The Fourth Amendment's prohibition against unreasonable searches and seizures, with its accompanying sanction that evidence so obtained must be excluded from trial, is applicable to the states through the Fourteenth Amendment. Mapp v. Ohio, 367 U.S. 643, 81 S. Ct. 1684, 6 L. Ed. 2d 1081 (1961), rehearing denied, 368 U.S. 871, 82 S. Ct. 23, 7 L. Ed. 2d 72 (1961). Mapp did not furnish a definitive answer to the question whether a federal or state standard was to be applied in determining the reasonableness of a search (See Commonwealth v. Bosurgi, 411 Pa. 56, 65, 190 A.2d 304 (1963)), but the more recent case of Ker v. California, 374 U.S. 23, 83 S. Ct. 1623, 10 L. Ed. 2d 726 (1963) did. The standard to be applied is federal. It was stated in the following language in the opinion of Mr. Justice Clark for the Court in Ker:
One of the requirements of a reasonable search and seizure, under federal standards, is that the police officers must, prior to entry, make an announcement of their authority and their purpose for seeking entry unless there are circumstances excusing failure to do so. This requirement is an outgrowth of the traditional common law concept that a man's home is his castle. As early as 1603 an English court noted that '* * * in all cases when the King is a party, the sheriff (if the door be not open) may break the party's house, either to arrest him, or to do other execution of the King's process, if otherwise he cannot enter. But before he breaks it, he ought to signify the cause of his coming, and to make request to open doors. * * *' Semayne's Case, 77 Eng.Repr. 194, 195 (1603).
In Ker, county police officers having probable cause to believe that a felony had been or was being committed and having, therefore, probable cause to arrest him, obtained a pass key to Ker's apartment from the building manager, entered and searched it. That entry was regarded by the Court as the equivalent of a 'breaking.' In holding that the evidence seized in Ker's apartment as the result of the unannounced entry was admissible, the Court stressed circumstances which excused compliance with the requirement to announce authority and purpose.
'Here justification for the officers' failure to give notice is uniquely present. In addition to the officers' belief that Ker was in possession of narcotics, which could be quickly and easily destroyed, Ker's furtive conduct in eluding them shortly before the arrest was ground for the belief that he might well have been expecting the police.' Id. at 40, 83 S. Ct. at 1633.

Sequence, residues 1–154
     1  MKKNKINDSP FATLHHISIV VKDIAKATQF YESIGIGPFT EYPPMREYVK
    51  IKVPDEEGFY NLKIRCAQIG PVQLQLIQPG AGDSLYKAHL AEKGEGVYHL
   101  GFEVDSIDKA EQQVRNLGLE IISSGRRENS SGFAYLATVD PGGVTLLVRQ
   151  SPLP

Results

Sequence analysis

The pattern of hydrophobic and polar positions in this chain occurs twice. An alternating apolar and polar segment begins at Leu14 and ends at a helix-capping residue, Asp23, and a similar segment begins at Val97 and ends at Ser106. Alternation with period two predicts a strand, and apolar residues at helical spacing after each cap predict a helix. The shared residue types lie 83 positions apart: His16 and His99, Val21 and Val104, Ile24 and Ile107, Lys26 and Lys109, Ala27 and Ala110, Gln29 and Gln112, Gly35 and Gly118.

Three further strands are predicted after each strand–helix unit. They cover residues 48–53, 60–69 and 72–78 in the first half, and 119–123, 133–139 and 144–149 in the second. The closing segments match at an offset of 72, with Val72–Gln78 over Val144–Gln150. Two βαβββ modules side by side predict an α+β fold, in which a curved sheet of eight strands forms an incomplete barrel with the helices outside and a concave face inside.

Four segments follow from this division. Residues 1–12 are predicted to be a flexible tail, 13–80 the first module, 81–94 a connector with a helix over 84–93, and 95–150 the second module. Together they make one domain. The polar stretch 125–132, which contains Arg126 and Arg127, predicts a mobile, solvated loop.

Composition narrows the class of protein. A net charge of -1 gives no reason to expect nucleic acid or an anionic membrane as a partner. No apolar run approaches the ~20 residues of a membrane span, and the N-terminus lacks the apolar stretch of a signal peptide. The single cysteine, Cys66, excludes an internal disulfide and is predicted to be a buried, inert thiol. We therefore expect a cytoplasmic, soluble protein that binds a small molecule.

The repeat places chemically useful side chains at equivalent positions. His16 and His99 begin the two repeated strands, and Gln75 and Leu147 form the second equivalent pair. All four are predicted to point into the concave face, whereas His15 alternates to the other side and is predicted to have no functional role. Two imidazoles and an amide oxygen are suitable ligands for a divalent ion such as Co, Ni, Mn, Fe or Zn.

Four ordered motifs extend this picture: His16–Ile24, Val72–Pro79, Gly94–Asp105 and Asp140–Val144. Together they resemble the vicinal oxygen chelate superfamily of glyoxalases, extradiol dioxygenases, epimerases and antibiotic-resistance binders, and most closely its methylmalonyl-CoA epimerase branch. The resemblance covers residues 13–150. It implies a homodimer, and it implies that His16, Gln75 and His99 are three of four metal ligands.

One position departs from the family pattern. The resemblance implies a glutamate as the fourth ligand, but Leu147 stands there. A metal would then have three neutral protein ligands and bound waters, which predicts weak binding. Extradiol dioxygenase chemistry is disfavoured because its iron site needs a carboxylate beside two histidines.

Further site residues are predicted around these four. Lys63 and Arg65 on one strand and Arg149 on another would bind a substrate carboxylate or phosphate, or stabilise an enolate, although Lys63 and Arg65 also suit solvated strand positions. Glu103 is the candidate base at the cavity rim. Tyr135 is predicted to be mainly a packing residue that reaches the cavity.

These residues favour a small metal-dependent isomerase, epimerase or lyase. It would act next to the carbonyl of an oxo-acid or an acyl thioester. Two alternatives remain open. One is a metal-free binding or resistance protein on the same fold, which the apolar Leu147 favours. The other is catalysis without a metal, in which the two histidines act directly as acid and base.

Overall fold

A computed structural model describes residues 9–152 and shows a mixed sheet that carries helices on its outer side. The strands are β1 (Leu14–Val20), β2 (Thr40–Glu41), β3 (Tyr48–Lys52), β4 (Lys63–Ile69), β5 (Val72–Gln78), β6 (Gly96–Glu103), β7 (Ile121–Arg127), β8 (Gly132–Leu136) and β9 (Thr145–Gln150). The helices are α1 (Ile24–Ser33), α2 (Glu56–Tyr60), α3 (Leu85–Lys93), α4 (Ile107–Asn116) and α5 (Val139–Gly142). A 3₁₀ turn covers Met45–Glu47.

The emphasis upon justifying circumstances in Mr. Justice Clark's opinion (joined in by three other justices) rather clearly indicates that entry without announcement will be deemed unreasonable, in violation of the constitutional safeguards, unless there are exigent circumstances excusing compliance. Mr. Justice Brennan, for the four dissenting justices, would have gone further and declared not only that exigent circumstances are required to excuse announcement of authority and purpose, but that no such circumstances existed in Ker and consequently the entry there violated constitutional standards.
In the course of its opinion, the Court did refer to a California statute
governing arrest procedure and to a similar federal statute
dealing with execution of search warrants but either statute seems to have been of controlling significance in the Court's determination of the standards of reasonableness governing entry. The problem was regarded as one of constitutional dimension.
The search in Ker was incident to an arrest without a warrant for a felony, whereas in the instant case the search was pursuant to a validly issued search warrant. This is not a ground for distinction. The search warrant serves no greater function, in the one case, than does reasonable cause to believe that a felony has been committed, in the other; each makes lawful the presence of the officers at the door. If that door is not open, under the ruling of Ker, it may not be broken to apprehend a felon without prior announcement, except under exigent circumstances. If constitutional safeguards must be observed before the door may be broken for the purpose of apprehending a felon, a fortiori they must be observed before the door may be broken for the purpose of seeking evidence of a misdemeanor. The fact that a valid search warrant had issued is immaterial when ...